Frequency Domain Specifications
Noise may also be specified in terms of its spectral density (ND) at or near a specified spot frequency. For example, Figure 10 shows how the data sheet for the MAX6126_21 voltage reference specifies noise density.
Figure 10. MAX6126_21 voltage-reference noise specification.
Because noise density always changes with frequency, it is specified at a particular frequency, called the spot frequency. The spot frequency is specified in the Conditions section of the EC table. In the MAX6126 the noise density is specified as 60nV/√Hz at a spot frequency of 1kHz. Other common spot frequencies include 10kHz, 100kHz, and 1MHz. Noise voltage, over any band, can be estimated using the spectral noise density (ND) from the EC table and the upper (Fh) and lower (Fl) frequencies of operation:
|Vn = ND√(Fh - Fl VRMS||(Eq. 8)|
Equation 8 does not include flicker noise and, therefore, is valid only for frequency bands well above the corner frequency (Fl » Fc).
Noise voltage can, however, be predicted over any desired frequency band if the noise spectral density (ND) and corner frequency (Fc) are given. These specifications can be found in a device’s EC table or in a graph of the Noise Spectral Density over Frequency in the TOC section of the data sheet.
For example, the MAX6143 voltage reference contains the following noise spectral density plot (Figure 11) found in the TOC section of its data sheet.
Figure 11. MAX6143 noise spectral density plot.
Estimating Noise Amplitudes Not Specified in an EC Table
If the spectral noise density (ND) and the corner frequency (Fc) are known, then the noise voltage over any frequency band can be estimated using Equations 1 and 3 repeated here:
|VnP-P = 6.6 × VnRMS||(Eq. 1)|
Four pieces of information are needed to estimate noise voltage:
ND and Fc can usually be found in either the EC table or from a noise spectral density plot found in the TOC section of the data sheet. The MAX6143 voltage reference will be used as an example. The flicker noise and the output noise voltage over audio bandwidth (20Hz to 20kHz) will be estimated. The circuit is shown below in Figure 12.
Figure 12. Voltage reference circuit.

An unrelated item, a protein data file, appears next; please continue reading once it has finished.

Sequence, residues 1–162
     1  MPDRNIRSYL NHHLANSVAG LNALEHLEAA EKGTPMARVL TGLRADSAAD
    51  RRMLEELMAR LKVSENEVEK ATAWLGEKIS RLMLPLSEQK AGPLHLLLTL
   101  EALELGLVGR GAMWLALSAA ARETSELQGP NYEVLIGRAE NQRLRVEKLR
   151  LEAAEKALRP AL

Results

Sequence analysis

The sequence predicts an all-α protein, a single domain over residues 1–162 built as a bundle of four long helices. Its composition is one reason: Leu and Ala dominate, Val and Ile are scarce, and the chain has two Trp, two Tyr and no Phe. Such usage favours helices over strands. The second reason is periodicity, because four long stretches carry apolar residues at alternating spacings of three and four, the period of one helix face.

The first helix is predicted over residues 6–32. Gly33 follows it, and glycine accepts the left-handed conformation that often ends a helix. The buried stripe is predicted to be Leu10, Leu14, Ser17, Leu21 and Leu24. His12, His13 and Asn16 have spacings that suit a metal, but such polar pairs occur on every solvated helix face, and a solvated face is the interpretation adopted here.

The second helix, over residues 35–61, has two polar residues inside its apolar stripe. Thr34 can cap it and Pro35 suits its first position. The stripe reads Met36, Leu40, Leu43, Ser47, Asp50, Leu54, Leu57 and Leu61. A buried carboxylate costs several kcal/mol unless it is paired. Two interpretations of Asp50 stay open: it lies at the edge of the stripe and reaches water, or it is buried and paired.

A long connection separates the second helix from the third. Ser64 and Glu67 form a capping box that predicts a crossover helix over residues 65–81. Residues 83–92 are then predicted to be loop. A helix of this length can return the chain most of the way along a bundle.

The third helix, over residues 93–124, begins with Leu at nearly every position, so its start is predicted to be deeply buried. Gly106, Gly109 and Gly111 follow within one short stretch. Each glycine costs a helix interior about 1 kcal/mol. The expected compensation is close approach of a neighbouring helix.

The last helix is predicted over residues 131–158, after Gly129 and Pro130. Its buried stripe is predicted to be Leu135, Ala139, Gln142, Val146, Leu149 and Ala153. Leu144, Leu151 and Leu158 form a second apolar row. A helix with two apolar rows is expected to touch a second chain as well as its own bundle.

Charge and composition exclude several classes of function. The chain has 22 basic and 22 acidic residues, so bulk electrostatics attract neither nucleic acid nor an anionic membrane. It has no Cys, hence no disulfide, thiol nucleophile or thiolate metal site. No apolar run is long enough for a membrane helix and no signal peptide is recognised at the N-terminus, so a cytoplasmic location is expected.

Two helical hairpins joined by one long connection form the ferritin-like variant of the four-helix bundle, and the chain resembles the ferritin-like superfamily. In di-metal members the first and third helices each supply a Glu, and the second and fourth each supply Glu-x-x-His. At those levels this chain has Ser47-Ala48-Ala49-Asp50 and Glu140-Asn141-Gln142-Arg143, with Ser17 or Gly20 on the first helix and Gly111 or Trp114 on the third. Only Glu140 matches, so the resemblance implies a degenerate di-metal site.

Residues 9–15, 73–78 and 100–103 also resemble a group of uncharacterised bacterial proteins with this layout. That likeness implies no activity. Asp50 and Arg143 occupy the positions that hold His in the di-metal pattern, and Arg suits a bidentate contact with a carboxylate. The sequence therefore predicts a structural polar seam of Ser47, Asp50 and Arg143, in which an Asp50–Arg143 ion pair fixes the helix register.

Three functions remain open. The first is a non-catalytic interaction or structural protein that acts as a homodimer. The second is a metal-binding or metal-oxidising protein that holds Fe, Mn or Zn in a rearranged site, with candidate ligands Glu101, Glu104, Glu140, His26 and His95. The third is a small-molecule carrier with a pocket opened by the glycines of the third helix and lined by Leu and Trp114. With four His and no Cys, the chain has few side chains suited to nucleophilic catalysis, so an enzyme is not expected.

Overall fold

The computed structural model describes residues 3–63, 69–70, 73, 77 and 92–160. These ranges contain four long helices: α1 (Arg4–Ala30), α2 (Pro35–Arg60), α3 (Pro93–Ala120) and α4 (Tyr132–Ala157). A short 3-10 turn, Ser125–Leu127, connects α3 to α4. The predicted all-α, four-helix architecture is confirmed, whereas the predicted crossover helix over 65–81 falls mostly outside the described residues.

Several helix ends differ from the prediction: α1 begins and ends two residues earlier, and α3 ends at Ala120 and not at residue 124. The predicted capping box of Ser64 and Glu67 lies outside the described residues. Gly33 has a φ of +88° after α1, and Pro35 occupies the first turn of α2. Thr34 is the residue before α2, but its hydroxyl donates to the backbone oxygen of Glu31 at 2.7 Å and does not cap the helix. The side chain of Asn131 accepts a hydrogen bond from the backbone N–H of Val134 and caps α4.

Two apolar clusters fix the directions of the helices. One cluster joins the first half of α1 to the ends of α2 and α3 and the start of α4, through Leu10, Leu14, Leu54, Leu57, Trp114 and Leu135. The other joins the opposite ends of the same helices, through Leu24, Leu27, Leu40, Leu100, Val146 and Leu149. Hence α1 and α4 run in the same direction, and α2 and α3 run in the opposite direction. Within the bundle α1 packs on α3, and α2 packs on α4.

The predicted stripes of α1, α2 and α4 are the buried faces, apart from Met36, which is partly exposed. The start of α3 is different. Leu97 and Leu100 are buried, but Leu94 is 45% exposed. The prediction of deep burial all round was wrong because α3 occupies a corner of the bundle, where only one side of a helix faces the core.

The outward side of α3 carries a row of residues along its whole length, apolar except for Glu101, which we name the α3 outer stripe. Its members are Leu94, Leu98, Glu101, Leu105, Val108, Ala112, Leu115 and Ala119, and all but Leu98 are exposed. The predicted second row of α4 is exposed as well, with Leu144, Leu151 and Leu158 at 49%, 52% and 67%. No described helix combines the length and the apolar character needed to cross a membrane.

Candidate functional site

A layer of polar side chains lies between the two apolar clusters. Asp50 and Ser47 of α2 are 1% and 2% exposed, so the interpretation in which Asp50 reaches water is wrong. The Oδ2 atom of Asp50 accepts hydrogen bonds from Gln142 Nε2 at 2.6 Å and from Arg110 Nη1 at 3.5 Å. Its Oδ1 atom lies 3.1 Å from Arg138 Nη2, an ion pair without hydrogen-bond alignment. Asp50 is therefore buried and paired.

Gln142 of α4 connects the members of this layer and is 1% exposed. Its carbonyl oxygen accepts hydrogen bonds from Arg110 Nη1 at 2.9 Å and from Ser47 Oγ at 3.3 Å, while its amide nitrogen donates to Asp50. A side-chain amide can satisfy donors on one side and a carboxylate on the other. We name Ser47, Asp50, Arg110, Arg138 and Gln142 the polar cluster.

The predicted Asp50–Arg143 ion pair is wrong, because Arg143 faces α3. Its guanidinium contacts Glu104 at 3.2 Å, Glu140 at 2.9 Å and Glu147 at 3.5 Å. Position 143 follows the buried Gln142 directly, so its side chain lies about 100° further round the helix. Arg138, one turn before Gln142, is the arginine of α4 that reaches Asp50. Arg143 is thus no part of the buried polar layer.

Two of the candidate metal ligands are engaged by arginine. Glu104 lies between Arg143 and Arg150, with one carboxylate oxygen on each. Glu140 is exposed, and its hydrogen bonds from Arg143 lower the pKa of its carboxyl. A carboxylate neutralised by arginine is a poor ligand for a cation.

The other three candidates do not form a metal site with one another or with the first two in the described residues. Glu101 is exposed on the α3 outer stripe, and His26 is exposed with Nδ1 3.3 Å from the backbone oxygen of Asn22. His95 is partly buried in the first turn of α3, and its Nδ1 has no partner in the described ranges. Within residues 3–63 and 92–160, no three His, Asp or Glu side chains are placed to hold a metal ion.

Using the noise spectral density plot, Fc can be found at the intersection of the ND line and the 1/f line when plotted on a log-log scale. These lines are red in Figure 13.
Figure 13. MAX6143 noise spectral density plot with ND and Fc lines.
In this case ND is 910nV/√Hz and Fc is 0.3Hz.
We use Equation 3 with the following values: ND = 910nV/√Hz, Fc = 0.3Hz, Fl = 0.1Hz, and Fh = 10Hz. The resulting noise voltage is 3.06µVRMS. Converting to VP-P by using Equation 1, we find that the flicker noise is 20.2µVP-P (Figure 14).
Figure 14. Estimating flicker noise on the MAX6143.
These results agree closely with the data sheet value of 18µVP-P.
Finding a Noise Voltage Not Specified in the EC Table
Equations 1 and 3 can be used to find the output noise voltage over any frequency band of interest. For example, the noise voltage at the output of the MAX6143 can be found over the audio band of Fl = 20Hz to Fh = 20,000Hz.
Using the parameter values ND = 910nV/√Hz, Fc = 0.3Hz, Fl = 20Hz, and Fh = 20kHz, the noise voltage is calculated to be 128µVRMS (Figure 15).
Figure 15. Estimating noise voltage over the audio bandwidth on the MAX6143.
A free calculator is available for making quick work of these noise calculations. It can be downloaded. Click on the link and select the Thermal Noise Calculator (TNC). The TNC includes a User’s Guide that has instructions for the calculator's use, the theory and equations behind the issue, and most importantly, a practical example of its use in circuit design and analysis.
The TNC is a program written for the HP® 50g calculator that aids in the analysis of thermal noise found in resistors and other noise sources. This calculator finds the noise voltage generated by any device, if its white noise spectral density and 1/f corner frequency are known. Each parameter can be entered or found. The TNC can also be run on a Windows® PC using the free program HPUserEdit 5.4 found at www.hpcalc.org, or our calculator page.
Seven parameters (Figure 16) presented in this article can be entered or found:
Figure 16. Thermal noise calculator screen shots.
All semiconductor devices generate noise from internal sources. All noise is unwelcome and designers must know how, or if, it can be reduced or eliminated. In this article we discussed the characteristics of the semiconductor noise and explained how it is specified in device data sheets. We demonstrated how to estimate the noise of a voltage reference under real-world conditions not specified in the data sheet.
In Part 2 of this series on managing noise in the signal chain we will focus on the sources of noise and distortion particular to data converters. We will also show how those noise sources are specified in a data sheet. We conclude in Part 3 by bringing together Parts 1 and 2 and show readers how to optimize their noise budget and choose the most appropriate data converter for their application.
Lundberg, Kent, Noise sources in bulk CMOS, Massachusetts Institute of Technology, 77 Massachusetts Avenue, Cambridge, 2002.
Milotti, Edoardo, (2002) A pedagogical review of 1/f noise, Arxiv preprint physics/0204033, 2002.
Franco, Serghio, Design with Operational Amplifiers & Analog Integrated Circuits, McGraw-Hill Inc., New York, 1988.
Gray, Paul and Meyer, Robert. Analysis and Design of Analog Integrated Circuits, Wiley, New York, 1993.
Maxim Integrated Tutorial 719, “Understanding Voltage-Reference Topologies and Specifications.”